Important note: My community has changed as I’ve changed. As I learned more about myself and grew, I was no longer welcomed in some spaces. I no longer had freedom to communicate honestly. I wasn’t seen. So yeah, I experienced loss and grief. And, when I honored my values to be in community where I was seen, I was rewarded. It reaffirmed my love for myself and my right to take up space openly, to be safe, and to be loved.

2. Filter your Water. (See it and Name it)

Like a fish doesn’t know it’s in water, many of us can’t see that we’ve been swimming in toxic water since Day One. Water that is meant to kill us. Water that was never meant to nourish us. Step back and see it. This means seeing and naming colonization, white supremacy, sexism, transphobia, classism- all of it. Then it means Naming It. You cannot shift into a healthy and loving mindset when you are absorbing and internalizing toxicity. Your inner critic will take on that toxicity- the mindset and sentiments of our broken environment and speak it back to us until it becomes our own voice.

You ever struggle with an inner critic that consistently tells you you’re not worthy, you’re not enough, you don’t belong? The toxic water of white supremacy feeds that critic. So you gotta filter it.

If you can’t identify and name the toxic shit, it makes it a helluva a lot harder to reject it. Give words to the toxicity so that you can tell yourself when you see it and feel it, and then disarm it.

I am NOT saying that you need to take up arms against every assault. I AM saying that you must be equipped to neutralize the effects on you. This requires- seeing the destructive systems etc., naming them, and speaking to yourself affirmatively to reject them. (See# 5)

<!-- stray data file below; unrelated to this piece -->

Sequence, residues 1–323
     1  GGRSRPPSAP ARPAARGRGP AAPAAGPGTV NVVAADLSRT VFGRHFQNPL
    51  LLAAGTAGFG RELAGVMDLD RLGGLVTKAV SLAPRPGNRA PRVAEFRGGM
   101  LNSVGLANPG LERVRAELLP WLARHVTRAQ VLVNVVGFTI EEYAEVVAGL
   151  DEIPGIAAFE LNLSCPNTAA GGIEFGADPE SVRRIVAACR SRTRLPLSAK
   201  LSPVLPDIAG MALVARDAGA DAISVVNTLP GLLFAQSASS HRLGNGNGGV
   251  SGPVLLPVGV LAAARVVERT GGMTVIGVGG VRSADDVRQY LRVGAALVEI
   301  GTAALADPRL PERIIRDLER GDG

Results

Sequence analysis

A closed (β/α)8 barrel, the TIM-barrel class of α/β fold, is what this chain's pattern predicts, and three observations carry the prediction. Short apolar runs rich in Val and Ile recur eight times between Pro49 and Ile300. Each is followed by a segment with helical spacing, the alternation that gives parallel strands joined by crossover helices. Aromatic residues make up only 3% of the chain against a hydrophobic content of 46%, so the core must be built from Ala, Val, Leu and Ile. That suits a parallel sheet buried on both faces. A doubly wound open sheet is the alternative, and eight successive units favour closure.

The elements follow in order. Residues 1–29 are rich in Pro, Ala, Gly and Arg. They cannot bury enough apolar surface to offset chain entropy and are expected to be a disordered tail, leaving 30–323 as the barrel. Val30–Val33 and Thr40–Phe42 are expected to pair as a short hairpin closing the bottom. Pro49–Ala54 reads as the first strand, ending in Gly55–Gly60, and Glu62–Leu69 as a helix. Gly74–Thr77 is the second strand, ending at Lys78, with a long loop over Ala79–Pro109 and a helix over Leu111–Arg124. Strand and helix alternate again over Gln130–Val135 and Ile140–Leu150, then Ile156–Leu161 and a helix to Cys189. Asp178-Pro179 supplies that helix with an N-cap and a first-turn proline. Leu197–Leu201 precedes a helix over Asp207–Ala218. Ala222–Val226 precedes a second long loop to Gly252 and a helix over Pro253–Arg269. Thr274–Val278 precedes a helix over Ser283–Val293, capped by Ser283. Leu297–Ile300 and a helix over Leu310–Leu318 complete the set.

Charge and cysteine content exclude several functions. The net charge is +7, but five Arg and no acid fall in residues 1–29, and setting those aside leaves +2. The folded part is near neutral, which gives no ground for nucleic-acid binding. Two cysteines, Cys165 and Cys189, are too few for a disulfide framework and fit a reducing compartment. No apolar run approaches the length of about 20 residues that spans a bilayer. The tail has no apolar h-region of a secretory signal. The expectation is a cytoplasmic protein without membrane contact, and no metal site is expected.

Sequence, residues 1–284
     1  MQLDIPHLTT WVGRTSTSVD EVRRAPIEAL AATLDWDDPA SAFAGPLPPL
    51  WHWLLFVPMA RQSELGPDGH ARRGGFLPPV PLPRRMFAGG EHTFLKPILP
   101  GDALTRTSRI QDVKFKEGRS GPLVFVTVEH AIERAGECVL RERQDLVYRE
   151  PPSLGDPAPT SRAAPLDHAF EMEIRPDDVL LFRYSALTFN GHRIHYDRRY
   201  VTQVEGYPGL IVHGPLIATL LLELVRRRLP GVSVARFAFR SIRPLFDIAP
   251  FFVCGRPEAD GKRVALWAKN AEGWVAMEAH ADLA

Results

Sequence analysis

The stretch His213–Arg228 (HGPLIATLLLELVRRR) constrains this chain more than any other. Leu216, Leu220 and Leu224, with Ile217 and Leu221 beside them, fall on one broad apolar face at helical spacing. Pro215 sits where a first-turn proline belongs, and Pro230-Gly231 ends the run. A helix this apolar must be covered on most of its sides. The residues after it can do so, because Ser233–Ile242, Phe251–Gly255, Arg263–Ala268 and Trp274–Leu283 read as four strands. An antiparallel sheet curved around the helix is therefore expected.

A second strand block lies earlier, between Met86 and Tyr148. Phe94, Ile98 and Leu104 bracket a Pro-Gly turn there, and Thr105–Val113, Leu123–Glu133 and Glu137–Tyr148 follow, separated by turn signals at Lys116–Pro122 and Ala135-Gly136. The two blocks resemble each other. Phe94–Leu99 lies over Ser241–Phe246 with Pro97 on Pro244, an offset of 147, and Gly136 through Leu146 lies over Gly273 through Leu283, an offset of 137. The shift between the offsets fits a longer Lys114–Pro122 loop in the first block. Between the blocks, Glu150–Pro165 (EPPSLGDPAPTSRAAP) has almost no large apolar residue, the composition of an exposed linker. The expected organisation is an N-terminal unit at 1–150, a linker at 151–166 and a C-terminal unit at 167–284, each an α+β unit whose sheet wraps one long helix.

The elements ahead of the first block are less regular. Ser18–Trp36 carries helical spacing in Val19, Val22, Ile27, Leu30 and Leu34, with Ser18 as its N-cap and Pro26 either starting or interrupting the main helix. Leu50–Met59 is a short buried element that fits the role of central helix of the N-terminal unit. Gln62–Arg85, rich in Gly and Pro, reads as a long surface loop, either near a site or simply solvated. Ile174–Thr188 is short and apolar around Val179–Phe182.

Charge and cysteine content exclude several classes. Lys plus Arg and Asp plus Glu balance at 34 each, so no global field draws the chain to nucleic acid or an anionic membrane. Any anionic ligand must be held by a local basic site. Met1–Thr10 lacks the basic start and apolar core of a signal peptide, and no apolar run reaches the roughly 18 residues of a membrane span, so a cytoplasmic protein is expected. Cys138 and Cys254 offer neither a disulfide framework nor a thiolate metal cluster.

3. Feed yourself well (Do work that you believe in.)

Many of us spend a majority of our time performing some type of work or labor that will support us in existing: housing, food, healthcare, recreation. We spend five or more hours a day performing this labor. How might your spirit feel if for those five or more hours, it is constantly messaged to you that:

- You (and those like you) don’t belong there. You are unworthy. You are invisible. You aren’t welcomed into informal community conversations as an equal participant. You are compared against a default standard that does not account for you.

- You (and those like you) aren’t good enough. You’re provided opportunities, if any, that are secondary to those offered to others. You’re criticized v. coached.

In addition to toxic culture, there’s also the issue of performing work that is harmful to your community. Philanthropic work that disempowers communities and even countries. Legal work that keeps some at the top and others at the bottom. Take your pick.

How do you remain nourished?

- Plan to transition to a space that humanize its workforce, particularly The Onlys

- Spend time with community that is affirming

- Use your voice and presence to shift the workplace

- Exercise high engagement and low investment at the workplace

- Keep learning, growing, practicing

- Find ways to live purposefully (values are aligned with your practices, which drive you towards a path of action)

4. Prune. (Affirmations) Sometimes people describe this as speaking to ourselves the way we speak to someone we love. I can’t quite say that because I don’t always show up in a loving way with those who I love the most. My words can be caustic and harsh. I am a work in progress. However, do

- My affirmations are short statements and come in many voices. Cut to Issa looking in the mirror and saying: Girl you know you all that. You know you supposed to be here! Shit. I dare them to say otherwise.